Game One is in the books with the San Francisco Giants taking a one game lead in the 2014 World Series and Giants pitcher Madison Bumgarner scoring another great game in the post-season. The Kansas City Royals had the home field advantage, a big deal here in Kauffman Stadium, which can be very loud when the crowd is in it, but that wasn’t what took place in Game One Tuesday Night.
The San Francisco Giants started their best pitcher, the best pitcher in this post-season, Madison Bumgarner. He pitched six and two-thirds scoreless innings, giving up one run, a solo homerun, to the Royals’ catcher Salvador Perez.
The Royals put James Shields on the mound for the start and the Giants batters gave Shields an early welcome to the World Series—they scored three runs, first when Pablo Sandoval scored Gregor Blanco and then when Hunter Pence homered, scoring Sandoval.
Shields pitched two scoreless innings, but in the top of the 4th he got in trouble, allowing Michael Morse a single that scored Pence and moved Brandon Belt to second. Danny Duffy relieved Shields and he walked two batters, one to load the bases and the second to score the Giants fifth run.
Giants batters weren’t done. They scored two more runs in the seventh with a run-scoring triple by rookie Joe Panik that brought Gregor Blanco home and a single by Pablo Sandoval that scored Panik.
Bumgarner was working on another scoreless inning when he hung a pitch out over the plate and Salvador Perez took advantage of it, slamming a solo homerun over the left field wall. It was only the third hit of the game for the Royals.
Some notable points about last night’s game: when Shields faced the Giants in August, he shut them out in a four-hit 5-0 win. He kept both Pablo Sandoval and Hunter Pence from getting hits in that August 9 game. Which brings up this next notable point: both Pence and Sandoval were very successful against Shields and the Royals bullpen in Game One. Both had RBI hits off Shields in the first inning. Pence reached base four times and Sandoval three times in last night’s game.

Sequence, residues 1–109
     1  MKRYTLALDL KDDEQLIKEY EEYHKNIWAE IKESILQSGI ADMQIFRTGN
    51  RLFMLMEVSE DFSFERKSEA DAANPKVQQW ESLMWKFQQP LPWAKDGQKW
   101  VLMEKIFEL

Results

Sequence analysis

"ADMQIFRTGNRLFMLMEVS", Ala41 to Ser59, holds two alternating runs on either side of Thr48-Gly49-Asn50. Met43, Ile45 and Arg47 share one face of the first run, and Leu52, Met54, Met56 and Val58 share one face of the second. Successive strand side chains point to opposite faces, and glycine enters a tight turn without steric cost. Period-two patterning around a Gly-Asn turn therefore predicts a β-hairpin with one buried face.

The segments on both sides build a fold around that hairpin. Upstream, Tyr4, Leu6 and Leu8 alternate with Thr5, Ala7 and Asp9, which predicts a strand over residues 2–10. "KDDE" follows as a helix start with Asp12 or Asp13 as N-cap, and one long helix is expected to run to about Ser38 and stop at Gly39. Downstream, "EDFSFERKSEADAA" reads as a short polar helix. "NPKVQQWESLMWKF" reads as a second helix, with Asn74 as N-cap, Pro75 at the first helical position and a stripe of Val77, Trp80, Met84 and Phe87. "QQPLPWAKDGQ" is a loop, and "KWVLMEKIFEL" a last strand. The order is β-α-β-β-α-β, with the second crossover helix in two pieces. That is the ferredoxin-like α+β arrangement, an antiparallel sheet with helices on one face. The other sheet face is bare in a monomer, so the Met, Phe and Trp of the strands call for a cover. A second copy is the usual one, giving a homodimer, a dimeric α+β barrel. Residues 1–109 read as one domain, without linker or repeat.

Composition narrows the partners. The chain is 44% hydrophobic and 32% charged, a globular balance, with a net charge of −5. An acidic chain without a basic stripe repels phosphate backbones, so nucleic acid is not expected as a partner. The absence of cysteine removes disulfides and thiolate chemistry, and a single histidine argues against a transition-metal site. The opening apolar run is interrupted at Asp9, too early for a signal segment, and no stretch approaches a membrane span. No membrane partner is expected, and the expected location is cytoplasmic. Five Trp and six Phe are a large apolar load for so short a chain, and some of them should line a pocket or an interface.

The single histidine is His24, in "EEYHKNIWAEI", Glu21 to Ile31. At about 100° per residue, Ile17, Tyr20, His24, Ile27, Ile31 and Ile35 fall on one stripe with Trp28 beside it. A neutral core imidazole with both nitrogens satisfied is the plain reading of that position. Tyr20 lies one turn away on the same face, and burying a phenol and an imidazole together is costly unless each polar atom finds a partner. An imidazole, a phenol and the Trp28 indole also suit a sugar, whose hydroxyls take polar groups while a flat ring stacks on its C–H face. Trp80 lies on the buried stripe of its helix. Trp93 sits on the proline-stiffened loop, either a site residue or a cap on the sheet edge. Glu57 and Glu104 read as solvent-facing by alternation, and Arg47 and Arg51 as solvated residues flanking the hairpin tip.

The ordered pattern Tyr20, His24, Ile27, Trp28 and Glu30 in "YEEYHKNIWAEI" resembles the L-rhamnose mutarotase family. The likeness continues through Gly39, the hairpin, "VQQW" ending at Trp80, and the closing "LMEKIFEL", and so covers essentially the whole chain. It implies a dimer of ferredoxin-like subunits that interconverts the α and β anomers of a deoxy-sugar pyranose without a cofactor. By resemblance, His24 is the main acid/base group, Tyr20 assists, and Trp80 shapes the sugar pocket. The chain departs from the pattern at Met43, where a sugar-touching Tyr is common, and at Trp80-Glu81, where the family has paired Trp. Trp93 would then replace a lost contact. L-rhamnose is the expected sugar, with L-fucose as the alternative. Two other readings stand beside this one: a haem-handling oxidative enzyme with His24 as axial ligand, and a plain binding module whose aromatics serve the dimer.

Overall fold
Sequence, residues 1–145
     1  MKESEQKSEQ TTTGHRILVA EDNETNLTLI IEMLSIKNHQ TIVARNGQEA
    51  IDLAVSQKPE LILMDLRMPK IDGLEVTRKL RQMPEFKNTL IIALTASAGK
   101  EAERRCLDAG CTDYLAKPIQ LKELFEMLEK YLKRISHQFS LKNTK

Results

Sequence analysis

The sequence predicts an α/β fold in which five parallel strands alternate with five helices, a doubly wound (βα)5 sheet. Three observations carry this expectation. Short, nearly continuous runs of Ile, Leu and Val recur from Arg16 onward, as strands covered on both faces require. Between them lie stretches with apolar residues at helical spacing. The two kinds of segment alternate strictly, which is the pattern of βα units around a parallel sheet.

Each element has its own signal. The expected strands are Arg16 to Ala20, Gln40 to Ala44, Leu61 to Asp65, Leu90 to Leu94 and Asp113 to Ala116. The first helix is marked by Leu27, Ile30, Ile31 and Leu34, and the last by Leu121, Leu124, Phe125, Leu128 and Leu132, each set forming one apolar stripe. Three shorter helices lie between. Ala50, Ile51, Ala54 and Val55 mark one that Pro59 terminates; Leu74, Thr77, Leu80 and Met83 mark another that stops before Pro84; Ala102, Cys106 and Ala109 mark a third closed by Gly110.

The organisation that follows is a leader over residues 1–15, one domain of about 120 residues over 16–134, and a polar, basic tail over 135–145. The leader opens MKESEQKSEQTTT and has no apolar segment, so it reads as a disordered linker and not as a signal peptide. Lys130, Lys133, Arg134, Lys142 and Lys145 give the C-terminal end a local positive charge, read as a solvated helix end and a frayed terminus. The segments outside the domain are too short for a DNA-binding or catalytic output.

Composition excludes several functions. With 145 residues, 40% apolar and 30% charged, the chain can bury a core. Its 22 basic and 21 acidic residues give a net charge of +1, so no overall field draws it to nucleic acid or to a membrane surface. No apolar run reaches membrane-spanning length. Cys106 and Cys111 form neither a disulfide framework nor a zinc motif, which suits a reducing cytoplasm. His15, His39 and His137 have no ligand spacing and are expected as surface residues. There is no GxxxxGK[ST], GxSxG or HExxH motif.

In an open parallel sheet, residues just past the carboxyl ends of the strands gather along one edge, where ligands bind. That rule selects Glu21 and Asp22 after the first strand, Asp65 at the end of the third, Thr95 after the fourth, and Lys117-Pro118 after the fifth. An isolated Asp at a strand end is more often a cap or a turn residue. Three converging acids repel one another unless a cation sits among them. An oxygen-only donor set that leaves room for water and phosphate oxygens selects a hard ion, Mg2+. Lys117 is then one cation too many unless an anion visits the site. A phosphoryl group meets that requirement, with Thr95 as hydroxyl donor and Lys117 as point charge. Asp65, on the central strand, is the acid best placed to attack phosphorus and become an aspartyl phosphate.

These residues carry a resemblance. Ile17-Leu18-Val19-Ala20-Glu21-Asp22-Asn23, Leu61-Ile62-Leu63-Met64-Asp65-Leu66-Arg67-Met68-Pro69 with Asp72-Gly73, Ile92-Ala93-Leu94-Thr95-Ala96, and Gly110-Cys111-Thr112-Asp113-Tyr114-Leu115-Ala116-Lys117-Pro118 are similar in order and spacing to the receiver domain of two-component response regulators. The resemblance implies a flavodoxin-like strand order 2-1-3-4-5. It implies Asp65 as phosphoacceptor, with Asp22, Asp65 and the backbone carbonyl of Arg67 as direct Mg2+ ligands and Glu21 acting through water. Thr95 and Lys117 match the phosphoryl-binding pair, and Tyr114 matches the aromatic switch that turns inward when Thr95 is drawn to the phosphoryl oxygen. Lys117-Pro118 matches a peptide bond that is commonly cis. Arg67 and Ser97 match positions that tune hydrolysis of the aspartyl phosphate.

This was the Royals first loss of the post-season.
After the game Royals manager Ted Yost spoke about Giants starter Madison Bumgarner, “He was dynamite. I mean, man, he was good.”
On the loss to the Giants Yost said, ““We didn’t expect to come in here and sweep the San Francisco Giants. We knew that this was a series that was going to go deep. We know how tough they are. They swung the bats really well.”
Yes they did.
Tonight the Royals will face Jake Peavy, a veteran starter with a post-season ERA of 7.03. If Peavy tries to blow past the Royals and throw over the plate, the Royals bats are in for a good night. Peavy will have to paint the corners and get the Royals to chase pitches.
For the Royals, their rookie starter Yordano Ventura takes the mound and he can bring the heat. He can throw into the strike zone, but he must keep the ball down. The Giants can hit Ventura if his pitches are up in the strike zone or down the middle.
It should be a good game tonight as the veteran takes on the rookie. The Royals are not down and out; they expect to win this World Series so expect them to come out tonight looking to change the course of the series.
The Giants knew this would not be an easy series to win; the Royals swept the Giants in a three-game series in August so everyone from manager Bruce Bochy to rookie Joe Panik knows the Royals can win four games in a seven-game series, especially if their backs are against the wall.
In the Wild Card Game against the Oakland A’s, the Royals were behind in the game, 7-3 going into the eighth inning. They scored three in the eighth and then another to tie the game in the ninth and in the 12th inning they finally overtook the A’s in what many of the players consider the best game they’ve ever been a part of in their careers.
Game Two starts at 8p.m. Eastern time here in Kansas City with Jake Peavy starting for the Giants and Yordano Ventura for the Royals. The San Francisco Giants lead the series, 1-0.
All photos by Claudia Gestro unless otherwise noted.